State leaders on the Connecticut Advisory Committee to the U.S. Commission on Civil Rights started their Thursday morning with a lesson on the way artificial intelligence and algorithms can still discriminate against minority groups even when they were intended to counteract that very thing.
Dr. Nicol Turner Lee, a Senior Fellow at the Brookings Institution, focuses her research on digital privacy and the application of civil rights in an increasingly connected world. On Thursday, she was the first to speak to the Advisory Committee on these subjects in an effort to increase awareness of biases built into automated systems governing things like employment and financial decisions.
During her presentation, Dr. Turner Lee cited research that has found that people with ethnic-sounding names are served ads for higher-interest credit cards or loans. She also stated her own concerns that, as companies rely more and more on aggregating personal data, like shopping habits or the type of device used, decisions which can affect a person’s employment or financial status will increasingly be made based on a machine’s best guess rather than an individual assessment.
“This is a discrimination that is very different from what my parents and other parents have experienced during the 60s of the Jim Crowe South,” explained Dr. Turner Lee. “Back then, you could see the signs of Whites Only and Coloreds Only. Today, the internet doesn’t share or compare or place you in the same virtual platform to determine whether you are seeing this ad or that ad based on your inferential attributes.”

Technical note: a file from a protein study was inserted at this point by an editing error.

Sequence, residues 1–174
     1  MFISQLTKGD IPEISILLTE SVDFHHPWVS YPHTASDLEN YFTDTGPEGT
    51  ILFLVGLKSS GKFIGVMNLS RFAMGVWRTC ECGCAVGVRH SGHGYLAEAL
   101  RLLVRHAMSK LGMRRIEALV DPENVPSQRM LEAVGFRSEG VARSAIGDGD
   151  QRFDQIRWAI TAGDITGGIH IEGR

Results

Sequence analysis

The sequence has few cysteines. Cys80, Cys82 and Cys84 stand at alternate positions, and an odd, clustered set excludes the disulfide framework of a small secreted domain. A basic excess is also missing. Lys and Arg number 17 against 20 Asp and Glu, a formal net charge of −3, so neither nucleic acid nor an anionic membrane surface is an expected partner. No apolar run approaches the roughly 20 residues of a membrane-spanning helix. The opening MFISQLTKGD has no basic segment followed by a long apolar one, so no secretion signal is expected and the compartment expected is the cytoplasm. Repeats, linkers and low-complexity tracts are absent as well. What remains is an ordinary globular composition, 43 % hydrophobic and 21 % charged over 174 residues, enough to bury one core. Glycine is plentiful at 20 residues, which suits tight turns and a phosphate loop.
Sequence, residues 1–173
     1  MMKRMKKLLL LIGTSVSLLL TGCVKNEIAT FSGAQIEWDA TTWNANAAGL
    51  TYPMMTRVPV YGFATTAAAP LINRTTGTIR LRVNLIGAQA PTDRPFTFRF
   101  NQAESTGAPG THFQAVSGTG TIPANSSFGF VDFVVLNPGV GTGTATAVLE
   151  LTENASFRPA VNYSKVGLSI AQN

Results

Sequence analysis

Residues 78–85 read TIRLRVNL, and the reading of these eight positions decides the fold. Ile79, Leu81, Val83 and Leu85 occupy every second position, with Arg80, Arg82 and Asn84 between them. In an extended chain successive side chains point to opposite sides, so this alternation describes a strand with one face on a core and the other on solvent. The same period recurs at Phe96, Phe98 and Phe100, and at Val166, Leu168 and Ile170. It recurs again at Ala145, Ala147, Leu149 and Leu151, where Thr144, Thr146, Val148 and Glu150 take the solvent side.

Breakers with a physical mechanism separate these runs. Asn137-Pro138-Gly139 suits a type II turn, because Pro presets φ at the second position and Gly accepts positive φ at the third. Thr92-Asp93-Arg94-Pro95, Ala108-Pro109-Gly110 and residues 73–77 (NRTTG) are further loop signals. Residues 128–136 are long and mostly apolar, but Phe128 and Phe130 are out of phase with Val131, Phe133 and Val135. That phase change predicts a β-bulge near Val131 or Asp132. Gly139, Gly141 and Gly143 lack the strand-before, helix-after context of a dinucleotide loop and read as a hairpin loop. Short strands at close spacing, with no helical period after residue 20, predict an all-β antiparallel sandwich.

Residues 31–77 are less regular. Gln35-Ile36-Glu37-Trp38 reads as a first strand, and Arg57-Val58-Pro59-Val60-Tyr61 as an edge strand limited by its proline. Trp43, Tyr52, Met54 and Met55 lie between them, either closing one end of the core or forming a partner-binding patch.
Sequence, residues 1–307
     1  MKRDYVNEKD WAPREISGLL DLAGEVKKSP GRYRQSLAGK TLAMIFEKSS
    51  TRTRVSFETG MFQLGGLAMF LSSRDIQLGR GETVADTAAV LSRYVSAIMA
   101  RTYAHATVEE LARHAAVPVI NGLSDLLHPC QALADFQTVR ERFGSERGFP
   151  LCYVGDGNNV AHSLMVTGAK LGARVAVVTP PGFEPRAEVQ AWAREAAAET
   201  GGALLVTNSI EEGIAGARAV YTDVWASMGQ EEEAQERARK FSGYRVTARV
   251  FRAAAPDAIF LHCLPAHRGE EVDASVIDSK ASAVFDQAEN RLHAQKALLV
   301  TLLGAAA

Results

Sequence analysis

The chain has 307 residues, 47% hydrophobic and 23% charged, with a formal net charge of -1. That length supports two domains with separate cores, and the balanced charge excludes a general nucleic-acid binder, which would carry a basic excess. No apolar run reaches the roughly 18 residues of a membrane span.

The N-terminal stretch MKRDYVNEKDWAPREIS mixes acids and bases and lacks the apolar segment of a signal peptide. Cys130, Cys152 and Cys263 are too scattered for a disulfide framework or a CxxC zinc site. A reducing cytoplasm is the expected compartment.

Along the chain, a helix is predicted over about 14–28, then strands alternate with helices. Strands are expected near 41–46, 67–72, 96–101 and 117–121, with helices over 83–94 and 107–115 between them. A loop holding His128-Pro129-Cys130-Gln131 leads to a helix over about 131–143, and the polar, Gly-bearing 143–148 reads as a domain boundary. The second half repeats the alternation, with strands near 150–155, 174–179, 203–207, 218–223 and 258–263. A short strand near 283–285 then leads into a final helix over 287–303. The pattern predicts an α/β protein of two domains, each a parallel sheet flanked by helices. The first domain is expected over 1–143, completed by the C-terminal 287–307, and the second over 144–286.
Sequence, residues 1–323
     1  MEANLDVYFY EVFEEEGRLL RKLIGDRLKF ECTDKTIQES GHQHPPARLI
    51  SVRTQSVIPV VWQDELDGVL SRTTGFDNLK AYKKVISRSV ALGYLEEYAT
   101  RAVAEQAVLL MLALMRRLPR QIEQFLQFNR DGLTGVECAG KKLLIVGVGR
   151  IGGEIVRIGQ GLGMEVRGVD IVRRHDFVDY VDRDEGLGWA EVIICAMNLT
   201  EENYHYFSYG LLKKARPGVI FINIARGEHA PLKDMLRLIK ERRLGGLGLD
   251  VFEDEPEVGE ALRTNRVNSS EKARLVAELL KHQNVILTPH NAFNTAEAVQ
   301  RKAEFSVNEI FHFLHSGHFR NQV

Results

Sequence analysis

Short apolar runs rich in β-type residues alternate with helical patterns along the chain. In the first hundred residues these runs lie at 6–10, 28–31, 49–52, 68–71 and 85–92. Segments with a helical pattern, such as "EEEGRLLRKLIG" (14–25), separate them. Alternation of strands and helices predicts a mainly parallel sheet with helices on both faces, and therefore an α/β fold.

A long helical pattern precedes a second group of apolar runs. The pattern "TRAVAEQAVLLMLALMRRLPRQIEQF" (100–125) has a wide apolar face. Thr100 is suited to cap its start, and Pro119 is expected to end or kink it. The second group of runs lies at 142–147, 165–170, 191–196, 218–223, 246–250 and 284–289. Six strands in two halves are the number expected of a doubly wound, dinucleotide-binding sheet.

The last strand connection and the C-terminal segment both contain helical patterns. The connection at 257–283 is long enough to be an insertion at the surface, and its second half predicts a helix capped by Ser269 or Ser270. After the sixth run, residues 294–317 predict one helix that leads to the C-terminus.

So what can we do about it? Dr. Turner Lee offered a few suggestions beyond just awareness of the problem. For one, she said that it is important for legislatures to reconsider or re-explore the civil rights laws currently in place to determine how they relate to our digital economy.
Additionally, since the algorithms are usually a product of private industry, she also recommended that state leaders establish accountability strategies to create a more responsive ecosystem and require civil rights impact statements and assessments from companies that make financial decisions for citizens. These reviews would help to ensure that any automated systems avoid bias where possible.
Dr. Turner Lee was quick to point out that these algorithms and automated processes serve an important purpose. They increase efficiency and make it possible for companies to operate more quickly. But, she said, they are still coded by individuals and within systems that have proved over time to have their own internal biases.
She offered the example of home appraisals, which can be biased against people of color in part due to a history of red lining which devalued neighborhoods populated by Black homeowners. Over decades, that intentional discrimination creates a cumulative effect, leading to lower valued properties within certain zip codes. A computer cannot easily take these historic factors into consideration.
The key to counteracting these systemic biases, then, is to ensure that the people creating the algorithms and automation counteract each other’s biases. “It’s very very important that we start out with the presumption that these systems start out flawed and we need the human agency and the accountability strategies to make sure that as people are resting and relying on these systems that they’re not necessarily getting the same outcomes and goals,” said Dr. Turner Lee. “We want this technology to be better than us.”